As your student ages toward this big milestone, it’s critical that you prepare them with a solid foundational knowledge of how money works and why it’s important to be smart with their money. Here are 5 lessons to instill on them to get them excited and invested in their financial future:

1. Make a Cost List

Sit down with your child and help them create a list of how much everything they use costs. Food, clothing, electricity, cell phones — itemize these consumables over the course of a month to give them a true idea of how much it costs to be financially independent. 

2. Create a Budget

Incoming money from paychecks and outgoing money to bills — this is the heartbeat of adulthood. Teach your student how to best manage this equation to understand how much they need to make, how much they can afford to spend, and how much they should save. 

3. Emphasize Savings

When teens get their first job, this sudden influx of cash is the time to institute a plan that will help them learn the importance of savings. Most experts recommend 30% be put into savings, but more can’t hurt, especially with the looming costs of books and supplies for college.

4. Keep Yourself Responsible

Ever had your toddler repeat a curse word that accidentally slipped out? Use this “Do as I do” mentality to show your child how important it is to be responsible. Get them involved in saving for a vacation, or have them sit with you while you pay bills. Be their financial role model.

5. Consider a Digital Aid

In this digital era, there are countless tools available to help parents and kids create budgets, track spending on late-night food runs to fuel study sessions, and stay on top of the student loan repayment schedule. 

A good step toward financial independence is understanding how savings and loan programs work. At Common Trust Federal Credit Union, our Financial Education Center offers tools and lessons on common banking needs. Also, our Back to School Loan promotion offers students a way to offset the costs associated with going to college with a low interest rate and 12-month payback period. Learn more today!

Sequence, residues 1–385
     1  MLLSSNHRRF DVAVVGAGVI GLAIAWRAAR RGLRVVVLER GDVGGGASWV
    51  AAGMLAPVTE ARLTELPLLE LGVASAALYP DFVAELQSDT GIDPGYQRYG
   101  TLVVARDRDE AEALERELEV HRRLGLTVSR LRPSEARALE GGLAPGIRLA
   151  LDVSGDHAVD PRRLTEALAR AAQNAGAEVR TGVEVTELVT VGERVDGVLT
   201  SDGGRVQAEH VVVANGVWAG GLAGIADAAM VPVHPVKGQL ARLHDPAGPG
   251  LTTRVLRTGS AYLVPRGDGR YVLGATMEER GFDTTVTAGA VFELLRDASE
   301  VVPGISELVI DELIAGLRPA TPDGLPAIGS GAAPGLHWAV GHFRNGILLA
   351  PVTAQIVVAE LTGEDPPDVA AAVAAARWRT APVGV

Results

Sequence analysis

Dorm Room Comfort: 9 Overlooked Essentials You’ll Want This Fall

Moving out on your own is a huge step, one full of equal parts excitement and nervousness. Without the comforts of home, you can feel unanchored in the new space while adjusting to the sheer freedom of being a college student. It doesn’t have to be this way, though! 

Other dorm room lists have the basics covered — sheets, comforter, towels, shower shoes, etc. — let’s take a deeper look at those essential extras that will make your shared space feel like a home and provide you with the support you need to make your college experience successful! 

1. Area rug — Getting up for that 8 a.m. lab might be easier if your feet hit a plush carpet rather than a cold floor. Measure the space to get the right size, and pack a small vacuum and fabric spray to keep it clean and fresh. 

2. Dish and silverware set — A small set that includes a few plates, a bowl, a mug, and some silverware will go a long way toward making late-night ramen or local take-out feel like a home cooked meal.

3. Powerstrips — There are never enough outlets, especially when you have to share them. Look for a model that has a long extension cord, plenty of plug space and USB ports for easy charging.

4. Cozy blanket — You have a nice comforter set, but a soft throw blanket gives you options when you don’t necessarily want to get into bed. Use it to wrap up during cold study sessions or when taking a much-needed video game break.

5. Trash can — You forget that you need one until you actually need it. Get a slim model and use those delivery bags to line it for easy disposal on your way to class. 

6. Alarm clock — Yeah, we know: Your phone alarm works great … until it doesn’t. Spend the dough to get a real alarm clock. Some models even offer special features, like a bed shaker or puzzle, that’ll make sure you don’t miss class.

7. Sound-proof headphones — Dorms are, by nature, communal spaces. There will be times when you want to crank your music loud — and conversely times when the party down the hall is disrupting your study time. Best be prepared.

8. Laundry basket — Opt for a sturdy, collapsible model with handles that can fit in your closet and hold all the supplies you need, like soap and dryer sheets. 

9. Curtains — Aside from adding privacy in a fairly non-private space, they can also function as decor on bare concrete walls. Sheer to light-blocking varieties are available — and in a pinch, a shower curtain will do.

One thing all students will need in their dorm rooms is a new computer — and with the Common Trust Federal Credit Union computer loan promotion, you can borrow up to $3,000 for computer-related purchases at a low rate to ensure you’re set up with all the latest tech you’ll need. Head to the branch today or apply online to get started!